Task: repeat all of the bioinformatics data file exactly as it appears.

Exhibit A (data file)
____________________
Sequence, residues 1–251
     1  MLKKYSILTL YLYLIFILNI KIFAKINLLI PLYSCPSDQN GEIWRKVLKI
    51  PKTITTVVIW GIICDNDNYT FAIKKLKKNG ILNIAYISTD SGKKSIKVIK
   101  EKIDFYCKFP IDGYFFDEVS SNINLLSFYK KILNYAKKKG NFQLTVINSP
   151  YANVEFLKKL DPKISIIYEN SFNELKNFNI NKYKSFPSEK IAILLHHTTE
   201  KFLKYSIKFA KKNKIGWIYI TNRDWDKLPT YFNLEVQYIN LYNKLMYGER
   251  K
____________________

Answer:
Sequence, residues 1–251
     1  MLKKYSILTL YLYLIFILNI KIFAKINLLI PLYSCPSDQN GEIWRKVLKI
    51  PKTITTVVIW GIICDNDNYT FAIKKLKKNG ILNIAYISTD SGKKSIKVIK
   101  EKIDFYCKFP IDGYFFDEVS SNINLLSFYK KILNYAKKKG NFQLTVINSP
   151  YANVEFLKKL DPKISIIYEN SFNELKNFNI NKYKSFPSEK IAILLHHTTE
   201  KFLKYSIKFA KKNKIGWIYI TNRDWDKLPT YFNLEVQYIN LYNKLMYGER
   251  K